When it opened, however, it was supremely hip and romantic. I was told that Frank Sinatra would entertain there.

Jeff "Beachbum" Berry forwarded me the following article, which appeared in the Waukesha Freeman (Waukesha is a small city to the west of Milwaukee) in 1961. I feel an extra twinge in my heart reading it, because the Freeman was my first professional gig as a journalist.

Tiki' Taking Shape in Front of Motels; They're Made of Lava

By Tom Barber
Freeman Staff

BROOKFIELD - A German sculptor carved South Sea island stone idols for a Polynesian restaurant in Brookfield today.

It all happened at The Leilani motel, 18615 W. Blue Mound Road, whose owners are in the midst of a $750,000 expansion program.

The motel is being doubled in size. But of more interest to most passers-by is a steep roofed supper club under construction just east of the motel.

Sculptor Gerhard E. Kroll, Milwaukee, is at work on the lawn in front of the restaurant fashioning large Hawaiian "tiki"– stone images of a religious significance in primitive South Pacific cultures.

The tiki will be used to decorate five dining rooms and two cocktail lounges in the restaurant. A large one will be placed outdoors.

Kroll has resided in Milwaukee for about two years. He studied art at the University of Wisconsin there.

The lightweight rock he is using actually is lava. Its porosity makes it easy to work. Saws, axes and knives replace the traditional hammer and chisel. Kroll expects to work a large pile of the stones into figures in about two weeks.

Along with Krolls sculpture the restaurant will be docorated with fireproof thatch ceilings, tabletops of monkey pod wood, monkey pod and coconut carvings, Hawaiian lighting fixtures and tropical plants.

Outside there will be live palm trees (to be stored indoors during the winter), fountains, and a sign illuminated with jets of fire.

Owner Paul Fecher said waitresses in the restaurant and the Malahini and Homaka cocktail lounges will wear sarongs. He hopes to hire a Hawaiian-born chef and a group of Tahitian dancers and singers to perform at the restaurant's opening about Sept. 1.

The menu will be "about 60 percent Polynesian food and 40 percent American," Fechner predicted. Dining rooms will seat 275. Banquet rooms below will be large enough for 500 to 600 persons. An automobile manufacturer will have a display downstairs.

The sharply gabled roof over the new restaurant carries out the style of the nearby motel. Both were designed by Milwaukeean Alan Wiederman. The motel addition is a two story wing attached to the south of the existing building.

Fechner has elaborate plans for future additions at "Leilani Village." East of the restaurant, on land formerly occupied by a competing motel which the Leilani bought, a heliport will be built.

Nine acres of land south of the motel have been purchased for a nine hole pitch-and-put golf course. A pond on the tract will be enlarged. The purchase of 12 to 14 more acres, where an Olympic sized pool and cabana club will be constructed.

The golf course and pool are on the agenda for next year. Sometime later, Fechner said, he hopes to build several town houses along the south edge of the golf course. They would be rented for longer periods of time than the motel units.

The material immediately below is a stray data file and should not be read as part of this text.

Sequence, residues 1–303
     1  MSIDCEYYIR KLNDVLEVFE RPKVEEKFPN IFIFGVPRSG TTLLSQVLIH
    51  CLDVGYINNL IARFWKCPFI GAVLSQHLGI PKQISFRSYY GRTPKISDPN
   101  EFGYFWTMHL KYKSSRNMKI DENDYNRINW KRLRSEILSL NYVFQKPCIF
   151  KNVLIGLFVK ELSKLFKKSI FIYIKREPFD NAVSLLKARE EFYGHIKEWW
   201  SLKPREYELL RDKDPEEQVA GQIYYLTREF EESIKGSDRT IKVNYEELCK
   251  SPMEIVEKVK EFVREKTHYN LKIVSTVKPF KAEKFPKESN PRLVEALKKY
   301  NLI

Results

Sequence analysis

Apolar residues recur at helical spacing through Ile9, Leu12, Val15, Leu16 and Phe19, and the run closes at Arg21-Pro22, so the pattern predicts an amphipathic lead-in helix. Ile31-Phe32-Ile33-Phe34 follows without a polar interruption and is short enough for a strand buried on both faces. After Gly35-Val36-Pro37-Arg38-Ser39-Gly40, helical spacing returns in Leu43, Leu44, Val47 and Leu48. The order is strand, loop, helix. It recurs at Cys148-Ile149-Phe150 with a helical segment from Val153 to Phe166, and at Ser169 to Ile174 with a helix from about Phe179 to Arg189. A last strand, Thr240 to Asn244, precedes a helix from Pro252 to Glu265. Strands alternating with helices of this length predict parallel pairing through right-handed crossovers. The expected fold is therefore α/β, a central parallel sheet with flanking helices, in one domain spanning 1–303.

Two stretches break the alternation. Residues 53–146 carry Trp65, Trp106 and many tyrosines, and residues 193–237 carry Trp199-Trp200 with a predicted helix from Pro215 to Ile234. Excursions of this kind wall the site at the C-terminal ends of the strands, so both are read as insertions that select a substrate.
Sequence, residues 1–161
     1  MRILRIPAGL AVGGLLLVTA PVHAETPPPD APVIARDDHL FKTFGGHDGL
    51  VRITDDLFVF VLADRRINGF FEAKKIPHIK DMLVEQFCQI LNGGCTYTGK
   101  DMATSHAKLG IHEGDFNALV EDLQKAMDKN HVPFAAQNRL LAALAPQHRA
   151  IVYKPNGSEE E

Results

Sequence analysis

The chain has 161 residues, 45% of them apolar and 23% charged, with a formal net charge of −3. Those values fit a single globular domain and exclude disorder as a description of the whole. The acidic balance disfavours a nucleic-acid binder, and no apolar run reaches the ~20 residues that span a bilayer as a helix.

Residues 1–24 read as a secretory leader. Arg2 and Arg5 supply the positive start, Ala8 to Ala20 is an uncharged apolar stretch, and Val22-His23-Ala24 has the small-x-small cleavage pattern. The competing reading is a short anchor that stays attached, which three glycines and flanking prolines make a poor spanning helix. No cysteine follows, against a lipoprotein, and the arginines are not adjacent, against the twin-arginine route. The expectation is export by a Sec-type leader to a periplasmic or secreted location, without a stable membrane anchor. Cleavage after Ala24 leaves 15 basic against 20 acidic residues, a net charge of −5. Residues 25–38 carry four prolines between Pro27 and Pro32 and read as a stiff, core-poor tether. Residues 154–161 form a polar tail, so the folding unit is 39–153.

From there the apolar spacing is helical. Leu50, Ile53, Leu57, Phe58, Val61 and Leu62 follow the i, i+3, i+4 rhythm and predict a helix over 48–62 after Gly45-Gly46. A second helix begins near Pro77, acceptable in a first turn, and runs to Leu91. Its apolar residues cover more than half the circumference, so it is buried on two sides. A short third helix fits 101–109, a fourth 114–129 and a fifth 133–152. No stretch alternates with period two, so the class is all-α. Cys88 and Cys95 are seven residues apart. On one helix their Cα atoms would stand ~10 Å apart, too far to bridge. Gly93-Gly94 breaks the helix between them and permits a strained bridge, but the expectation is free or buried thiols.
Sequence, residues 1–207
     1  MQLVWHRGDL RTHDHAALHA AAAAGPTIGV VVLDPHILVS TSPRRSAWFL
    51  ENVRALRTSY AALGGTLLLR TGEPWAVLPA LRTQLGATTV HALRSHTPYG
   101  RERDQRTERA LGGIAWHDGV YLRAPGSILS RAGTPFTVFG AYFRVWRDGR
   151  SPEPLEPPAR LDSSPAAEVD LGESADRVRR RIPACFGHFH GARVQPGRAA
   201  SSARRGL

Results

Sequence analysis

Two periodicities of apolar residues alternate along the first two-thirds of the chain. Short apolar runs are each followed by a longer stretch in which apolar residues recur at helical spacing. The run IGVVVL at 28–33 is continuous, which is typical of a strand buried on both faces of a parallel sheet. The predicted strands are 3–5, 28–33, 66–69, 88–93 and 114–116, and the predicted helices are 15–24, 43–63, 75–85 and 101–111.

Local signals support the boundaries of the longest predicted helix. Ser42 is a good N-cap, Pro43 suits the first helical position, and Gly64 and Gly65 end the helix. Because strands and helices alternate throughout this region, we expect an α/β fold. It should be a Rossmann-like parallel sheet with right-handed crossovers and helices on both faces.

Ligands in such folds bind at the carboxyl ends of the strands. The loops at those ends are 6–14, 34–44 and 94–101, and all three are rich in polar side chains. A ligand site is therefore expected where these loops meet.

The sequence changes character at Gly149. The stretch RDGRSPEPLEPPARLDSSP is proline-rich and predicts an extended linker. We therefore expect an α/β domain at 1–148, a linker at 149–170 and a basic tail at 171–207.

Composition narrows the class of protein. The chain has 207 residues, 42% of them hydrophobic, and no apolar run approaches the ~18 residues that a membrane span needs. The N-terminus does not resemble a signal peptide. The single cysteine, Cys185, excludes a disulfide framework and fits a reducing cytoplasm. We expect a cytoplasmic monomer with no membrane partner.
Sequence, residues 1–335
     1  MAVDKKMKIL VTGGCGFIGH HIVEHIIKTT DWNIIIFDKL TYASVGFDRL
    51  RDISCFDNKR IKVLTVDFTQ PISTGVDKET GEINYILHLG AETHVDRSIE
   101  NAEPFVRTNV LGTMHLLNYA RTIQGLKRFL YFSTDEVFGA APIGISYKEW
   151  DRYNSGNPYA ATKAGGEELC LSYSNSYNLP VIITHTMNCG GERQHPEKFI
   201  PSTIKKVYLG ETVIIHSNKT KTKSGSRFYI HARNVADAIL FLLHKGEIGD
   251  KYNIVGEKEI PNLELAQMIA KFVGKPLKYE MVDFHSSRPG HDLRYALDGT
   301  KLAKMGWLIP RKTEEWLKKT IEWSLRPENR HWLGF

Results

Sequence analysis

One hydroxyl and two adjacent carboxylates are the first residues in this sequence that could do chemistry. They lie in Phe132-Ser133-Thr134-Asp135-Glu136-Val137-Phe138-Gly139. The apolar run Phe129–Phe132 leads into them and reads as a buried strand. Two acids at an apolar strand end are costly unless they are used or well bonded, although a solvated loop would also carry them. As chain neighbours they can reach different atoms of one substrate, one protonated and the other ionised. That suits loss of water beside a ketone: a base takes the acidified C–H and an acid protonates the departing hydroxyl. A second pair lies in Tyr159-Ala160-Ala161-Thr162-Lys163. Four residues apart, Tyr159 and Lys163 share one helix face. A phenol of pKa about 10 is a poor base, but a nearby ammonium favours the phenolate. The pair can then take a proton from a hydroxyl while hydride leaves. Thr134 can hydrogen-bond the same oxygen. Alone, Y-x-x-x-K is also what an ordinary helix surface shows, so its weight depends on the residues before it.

The Leilani was torn down in 1996. The horror of its destruction is depicted below. Wonder what ever happened to those Tikis sculpted out of lava. Returned to the volcano?

Saturday, April 18, 2009

Martinez Rediscovered,

I'm learning a lot about some cocktails I thought I knew via the collection of Dolin vermouths I recently acquired. Dolin is a traditional French vermouth company. It's about 200 years old, but newly available in certain U.S. markets via Eric Seed's import company in Minnesota. They make dry, rouge and blanc versions of vermouth, and they are overall a much more subtler, gentler product that the commonly available vermouth brands, such as Martini & Rossi and Noilly Prat. Dolin is among the few remaining independent producers of Vermouth and the last producing Vermouth de Chambéry.

Using them in some classics, I've come to reevaluate my opinion of certain drinks and how they should taste. I've been used to a certain edge in Martinis that I haven't always liked, but usually attributed to a natural rawness in the gin. Now, I've begun to wonder if that unwelcome bite was in the vermouth. When I mix up a Martini with Dolin dry, it's a much smoother drink, a calmer drink, a more elegant drink.

I had similar experiences with the Manhattan, Negroni and other classics.

Last night, I tried the vermouths in a Martinez. I have always had a problem with the Martinez. I know I'm supposed to respect this drink, because its ages old and may be the precursor of the Martini and all. But, to me, it's never been a favorite. I just don't think it tastes good, with its lopsided 2 to 1 ratio of sweet vermouth to gin. I also found the drink's color, an unputting ruddy, rust-like hue, disagreeable. I never find myself thinking, "Hm, I'm really in the mood for a Martinez."

I thought perhaps the Dolin could remedy this situation. So I built a Martinez (1 oz. gin, 2 oz. sweet vermouth, a dash orange bitters, 2 dashes Maraschino liqueur) used Dolin Rouge. Aha! A much better drink. Not so rough and sickly sweet, heavy and nastily herbal.

Then I had an idea. What if I made a Martinez with the Dolin Blanc, which has the clear color of the Dry, with some of the sweetness of the Rouge. What do you know? A superior drink, smooth as ice, with an understated sweetness. Refreshing and civilizing, a genuine treat. True, a bit dull to look at (utterly clear), but, then, so is a Martini, when you think of it.

Friday, April 17, 2009

A Beer At...The Blue Room

My fourth in a new series at Eater, The Blue Room was perhaps the most pleasant encounter to date, a laid-back place with just the right amount of character. I'll visit again when in the neighborhood. And that bartendress was something.